“They Shall Not Grow Old”
It was a long shot. But I kept searching the faces, looking for his. My great-uncle’s. Pvt. John R. Dougherty who fought with Company G, 113th U.S. Infantry in World War I.
The Great War. The War to End All Wars.
I wondered if his young face was there, in the sea of mostly teenaged infantrymen, in the new documentary, “They Shall Not Grow Old.” I didn’t spot him. Then again, the film focuses mainly on members of the British Army. He was an American.
I’d tell you to go see the haunting film, but it’s being released in a series of one-night stands in select theaters around the country. Monday was its Virginia Beach premier in the Lynnhaven AMC theaters. No telling when it will be back.
When it comes, don’t miss it.
New Zealand director Peter Jackson, best known for the “Lord of the Rings” series, took 100-year-old battlefield footage and, using sophisticated computer technology, restored and updated it to bring these men - who either died in battle or from old age - back to life.
The result is stunning. Disturbing, too.
If you’ve ever wondered what trench warfare was like, this film provides harrowing images of the young men who slogged through the mud and lived in these rat-infested channels on the Western Front for months and months, under constant artillery fire from nearby German installations.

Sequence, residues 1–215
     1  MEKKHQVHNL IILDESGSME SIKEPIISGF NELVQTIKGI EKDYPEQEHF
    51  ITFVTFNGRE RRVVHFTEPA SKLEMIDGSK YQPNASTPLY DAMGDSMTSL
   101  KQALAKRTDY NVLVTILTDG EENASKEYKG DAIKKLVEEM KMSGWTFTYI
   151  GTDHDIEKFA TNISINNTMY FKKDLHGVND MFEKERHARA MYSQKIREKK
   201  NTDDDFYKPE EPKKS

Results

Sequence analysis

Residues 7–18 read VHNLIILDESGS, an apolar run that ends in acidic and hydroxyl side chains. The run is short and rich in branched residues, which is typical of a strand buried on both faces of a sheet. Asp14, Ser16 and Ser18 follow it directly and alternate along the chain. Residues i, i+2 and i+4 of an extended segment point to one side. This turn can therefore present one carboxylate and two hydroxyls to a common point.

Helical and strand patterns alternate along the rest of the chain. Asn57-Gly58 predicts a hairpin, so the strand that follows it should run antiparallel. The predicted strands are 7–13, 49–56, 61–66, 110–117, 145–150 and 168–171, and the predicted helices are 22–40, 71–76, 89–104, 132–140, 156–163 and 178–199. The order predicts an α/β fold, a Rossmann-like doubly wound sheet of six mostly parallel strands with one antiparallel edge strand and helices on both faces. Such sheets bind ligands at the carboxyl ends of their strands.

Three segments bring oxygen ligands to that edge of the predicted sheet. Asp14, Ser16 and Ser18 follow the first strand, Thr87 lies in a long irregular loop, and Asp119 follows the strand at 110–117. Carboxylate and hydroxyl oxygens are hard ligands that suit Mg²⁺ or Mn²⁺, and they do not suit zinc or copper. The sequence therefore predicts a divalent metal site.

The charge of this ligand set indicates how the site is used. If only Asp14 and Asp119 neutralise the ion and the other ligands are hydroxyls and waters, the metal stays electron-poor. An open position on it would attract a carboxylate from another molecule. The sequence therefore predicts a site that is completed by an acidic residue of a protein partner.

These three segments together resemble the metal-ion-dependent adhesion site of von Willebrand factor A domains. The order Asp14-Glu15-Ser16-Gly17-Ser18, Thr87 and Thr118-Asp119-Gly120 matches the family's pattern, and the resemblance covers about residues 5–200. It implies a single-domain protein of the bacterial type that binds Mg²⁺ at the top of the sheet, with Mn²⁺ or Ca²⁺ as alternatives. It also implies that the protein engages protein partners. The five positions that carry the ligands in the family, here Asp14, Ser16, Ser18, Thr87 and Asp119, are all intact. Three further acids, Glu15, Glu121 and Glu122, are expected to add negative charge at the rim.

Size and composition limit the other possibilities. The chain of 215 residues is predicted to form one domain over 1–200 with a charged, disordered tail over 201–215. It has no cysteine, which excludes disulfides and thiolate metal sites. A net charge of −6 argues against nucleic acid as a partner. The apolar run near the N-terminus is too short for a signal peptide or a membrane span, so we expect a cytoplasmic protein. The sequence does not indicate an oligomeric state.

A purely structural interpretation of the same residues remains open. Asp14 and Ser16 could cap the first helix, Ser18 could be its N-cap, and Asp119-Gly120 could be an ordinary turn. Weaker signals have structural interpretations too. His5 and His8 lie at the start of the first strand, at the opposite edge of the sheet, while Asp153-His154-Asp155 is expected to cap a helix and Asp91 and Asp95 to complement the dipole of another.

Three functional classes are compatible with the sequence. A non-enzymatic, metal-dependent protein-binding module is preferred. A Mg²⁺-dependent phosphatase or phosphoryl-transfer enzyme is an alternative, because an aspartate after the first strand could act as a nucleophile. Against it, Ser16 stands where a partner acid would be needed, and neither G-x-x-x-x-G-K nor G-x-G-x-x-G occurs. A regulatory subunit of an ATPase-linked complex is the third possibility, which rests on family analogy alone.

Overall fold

Jackson focuses on the ordinary soldiers. What they ate, how they cooked, even how they relieved themselves. You see the lice, the flies, the gangrene, the frostbite, the mustard gas.
When the Brits finally besiege the Germans, the images turn from unsettling to grisly. Through the voices of World War I vets, long dead now, the film captures their fear and their camaraderie.
I don’t know enough about that war. This documentary makes me want to learn more. In a director’s note at the end, Jackson explains that this is a film created by a non-historian for non-historians.
Pointing out that soldiers from all over the world fought along the Western Front, Jackson urges viewers to ask family members about relatives who might have been in the fields of France and Belgium. He suggests many of us have a connection.
Mine is through my grandfather’s younger brother. John enlisted in the Army in his junior year in high school. Once home, the rural mailman suffered a series of nervous breakdowns due to what my family always called “shell shock.” What we now call PTSD.
Ten years after the war ended the newspapers unblinkingly reported that John R. Dougherty, Jr. “discharged his shotgun which blew off the top of his head” after his wife left their house for just a few minutes.
They called him a victim of the “bloody conflict” as sure as if he had died on a battlefield.
Like so many who fought in that ghastly war, Pvt. Dougherty, 28, did not grow old.